The Body, Not the Brain, Regulates Sleep

Everyone knows about the importance of a good night’s sleep. Researchers have also shown the harmful effects of prolonged sleep deprivation on human health.1 Because the primary indicator of sleep is a loss of consciousness, and many of the ill effects from the lack of sleep associate with the brain, sleep researchers have naturally focused on neurons for sleep regulation studies.2

Now, a new study published in Cell Reports has turned sleep research on its head. Researchers from the University of Tokyo and University of Tsukuba reported three key genes that are critical for regulating sleep—not in the brain, but in peripheral tissues.3 The findings demonstrate that sleep is all about protein homeostasis: endoplasmic reticulum (ER) stress and downregulation of protein biosynthesis in peripheral tissues trigger pathways that induce sleep.

“For a long time, researchers have focused on studying sleep in the brain, but we found that the peripheral tissues are really requesting the brain to sleep,” said Yu Hayashi, a neuroscientist at the University of Tokyo and coauthor of the study. Given that prolonged wakefulness results in longer and deeper sleep, Hayashi hypothesized that there must be sleep-promoting substances that accumulate in the body during the time organisms are awake. 

To test their hypothesis, Hayashi’s team chose an easy-to-handle model organism with known developmentally-timed sleep patterns: Caenorhabditis elegans.4 Taizo Kawano, a sleep researcher at the University of Tsukuba and coauthor of the study, created hundreds of random mutations and observed how it affected the worms’ sleep. Kawano found that mutations in three genes made the worms sleep significantly longer than usual.

Two of the mutations that Kawano and the team identified were in sel-1 and sel-11, which are involved in the degradation of misfolded proteins in the ER. Mutated worms showed protein accumulation via the unfolded protein response (UPR) pathway and subsequent ER stress.5 

The team also identified a third gene that affected worm sleep patterns, methionyl-tRNA synthetase (mars-1), which is critical for the translational initiation and elongation steps of protein biosynthesis. The team observed that in the mars-1 mutants, global translation was inhibited, leading to increased sleep in worms.

Since sleep loss causes ER stress6 and impairs protein synthesis,7 Kawano and his colleagues believe that organisms cope with ER stress in peripheral tissues by signaling to the brain that sleep is required.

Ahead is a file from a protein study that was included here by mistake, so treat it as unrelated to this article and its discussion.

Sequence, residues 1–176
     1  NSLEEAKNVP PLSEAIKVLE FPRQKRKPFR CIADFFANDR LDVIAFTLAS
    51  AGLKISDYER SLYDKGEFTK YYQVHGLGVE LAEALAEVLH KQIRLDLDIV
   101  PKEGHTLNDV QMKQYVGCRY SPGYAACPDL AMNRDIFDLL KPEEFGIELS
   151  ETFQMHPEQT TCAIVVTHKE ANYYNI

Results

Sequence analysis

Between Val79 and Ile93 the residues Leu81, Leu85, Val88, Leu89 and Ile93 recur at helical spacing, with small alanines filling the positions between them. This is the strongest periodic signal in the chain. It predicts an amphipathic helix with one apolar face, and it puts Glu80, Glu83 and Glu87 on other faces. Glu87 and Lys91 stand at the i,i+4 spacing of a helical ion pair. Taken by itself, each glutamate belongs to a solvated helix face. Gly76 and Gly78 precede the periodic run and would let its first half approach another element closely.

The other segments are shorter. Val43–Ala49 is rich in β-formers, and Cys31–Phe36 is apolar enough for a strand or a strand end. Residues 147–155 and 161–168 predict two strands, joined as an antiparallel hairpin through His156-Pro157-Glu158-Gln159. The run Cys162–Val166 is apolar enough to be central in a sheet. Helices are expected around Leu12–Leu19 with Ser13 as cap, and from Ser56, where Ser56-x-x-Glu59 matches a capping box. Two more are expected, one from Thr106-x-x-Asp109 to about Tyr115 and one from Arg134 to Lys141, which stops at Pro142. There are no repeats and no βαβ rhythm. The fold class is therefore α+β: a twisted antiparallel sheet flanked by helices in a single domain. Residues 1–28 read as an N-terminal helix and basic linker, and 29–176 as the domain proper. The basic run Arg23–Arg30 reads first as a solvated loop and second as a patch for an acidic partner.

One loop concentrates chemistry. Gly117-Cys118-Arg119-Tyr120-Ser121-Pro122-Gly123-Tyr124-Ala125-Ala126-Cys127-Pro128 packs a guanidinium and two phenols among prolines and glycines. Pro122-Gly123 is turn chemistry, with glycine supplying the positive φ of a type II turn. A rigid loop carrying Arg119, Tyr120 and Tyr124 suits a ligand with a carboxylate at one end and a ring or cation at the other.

The team next used tissue-specific promoters to rescue expression of these genes in different parts of the body and found that expression in the epidermis of the worms restored a normal sleep phenotype. With these results, the researchers confirmed, for the first time, that these three genes are involved in the regulation of sleep and they function specifically in peripheral tissues, with neuronal signaling occurring downstream of these pathways. 

Amita Sehgal, a neuroscientist at the University of Pennsylvania who was not involved in the study, was impressed with the team’s methods. “The authors of this study took an unbiased approach. They didn’t go in with any preconceived notions of what is required for sleep. With forward genetic screens, you let the animals tell you what’s important for sleep,” she commented. 

Lastly, the team performed experiments in mice to confirm that the same function is conserved in mammals. Both pharmacological and genetic inhibition of these same genes and pathways increased sleep duration in mice. 

Hayashi hopes that the study will prompt a new era of sleep investigation in which the body rather than the brain is the main focus. Sehgal concluded that it’s an exciting time to be working in sleep research. “Sleep is still the black box of biology; it’s something we spend a third of our lives doing, but we still have very little understanding of it. This study shows that sleep research is converging on specific pathways, including UPR, that likely represent fundamental underpinnings of sleep regulation,” she said. 


  1. Itani O, et al. Short sleep duration and health outcomes: a systematic review, meta-analysis, and meta-regression. Sleep Med. 2017;32:246-256. 
  2. Hobson JA. Sleep is of the brain, by the brain and for the brain. Nature. 2005;437(7063):1254-1256.
  3. Kawano T, et al. ER proteostasis regulators cell-non-autonomously control sleep. Cell Rep. 2023;42(3):112267.
  4. Trojanowski NF, Raizen DM. Call it Worm Sleep. Trends Neurosci. 2016;39(2):54-62.
  5. Read A, Schröder M. The unfolded protein response: An overview. Biology. 2021;10(5):1-10.
  6. Williams JA, Naidoo N. Sleep and cellular stress. Curr Opin Physiol. 2020;15:104-110.
  7. Tudor JC, et al. Sleep deprivation impairs memory by attenuating mTORC1-dependent protein synthesis. Sci Signal. 2016;9(425):ra41-ra41.

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